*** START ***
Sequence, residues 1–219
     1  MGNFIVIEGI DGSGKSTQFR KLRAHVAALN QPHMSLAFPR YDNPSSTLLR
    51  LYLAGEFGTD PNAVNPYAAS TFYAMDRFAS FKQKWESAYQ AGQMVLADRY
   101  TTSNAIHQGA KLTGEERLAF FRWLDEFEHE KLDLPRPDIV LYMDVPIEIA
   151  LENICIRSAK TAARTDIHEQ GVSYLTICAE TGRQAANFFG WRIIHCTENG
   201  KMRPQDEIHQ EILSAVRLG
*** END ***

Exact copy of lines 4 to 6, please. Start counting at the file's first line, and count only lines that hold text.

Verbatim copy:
   101  TTSNAIHQGA KLTGEERLAF FRWLDEFEHE KLDLPRPDIV LYMDVPIEIA
   151  LENICIRSAK TAARTDIHEQ GVSYLTICAE TGRQAANFFG WRIIHCTENG
   201  KMRPQDEIHQ EILSAVRLG